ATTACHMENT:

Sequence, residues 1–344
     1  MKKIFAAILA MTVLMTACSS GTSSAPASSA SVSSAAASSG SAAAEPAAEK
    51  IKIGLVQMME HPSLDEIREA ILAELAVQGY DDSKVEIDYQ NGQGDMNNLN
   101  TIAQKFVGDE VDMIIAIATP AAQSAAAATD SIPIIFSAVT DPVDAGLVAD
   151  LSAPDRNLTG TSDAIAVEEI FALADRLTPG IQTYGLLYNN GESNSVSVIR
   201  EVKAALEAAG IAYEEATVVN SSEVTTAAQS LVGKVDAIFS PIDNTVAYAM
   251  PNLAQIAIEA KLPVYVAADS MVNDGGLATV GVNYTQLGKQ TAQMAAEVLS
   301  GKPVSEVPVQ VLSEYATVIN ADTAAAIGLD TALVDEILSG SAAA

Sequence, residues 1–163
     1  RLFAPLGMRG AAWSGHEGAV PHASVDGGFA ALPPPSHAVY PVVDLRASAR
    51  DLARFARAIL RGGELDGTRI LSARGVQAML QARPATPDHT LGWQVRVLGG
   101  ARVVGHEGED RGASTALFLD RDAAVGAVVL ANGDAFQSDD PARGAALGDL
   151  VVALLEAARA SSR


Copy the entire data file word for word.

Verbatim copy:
Sequence, residues 1–344
     1  MKKIFAAILA MTVLMTACSS GTSSAPASSA SVSSAAASSG SAAAEPAAEK
    51  IKIGLVQMME HPSLDEIREA ILAELAVQGY DDSKVEIDYQ NGQGDMNNLN
   101  TIAQKFVGDE VDMIIAIATP AAQSAAAATD SIPIIFSAVT DPVDAGLVAD
   151  LSAPDRNLTG TSDAIAVEEI FALADRLTPG IQTYGLLYNN GESNSVSVIR
   201  EVKAALEAAG IAYEEATVVN SSEVTTAAQS LVGKVDAIFS PIDNTVAYAM
   251  PNLAQIAIEA KLPVYVAADS MVNDGGLATV GVNYTQLGKQ TAQMAAEVLS
   301  GKPVSEVPVQ VLSEYATVIN ADTAAAIGLD TALVDEILSG SAAA

Sequence, residues 1–163
     1  RLFAPLGMRG AAWSGHEGAV PHASVDGGFA ALPPPSHAVY PVVDLRASAR
    51  DLARFARAIL RGGELDGTRI LSARGVQAML QARPATPDHT LGWQVRVLGG
   101  ARVVGHEGED RGASTALFLD RDAAVGAVVL ANGDAFQSDD PARGAALGDL
   151  VVALLEAARA SSR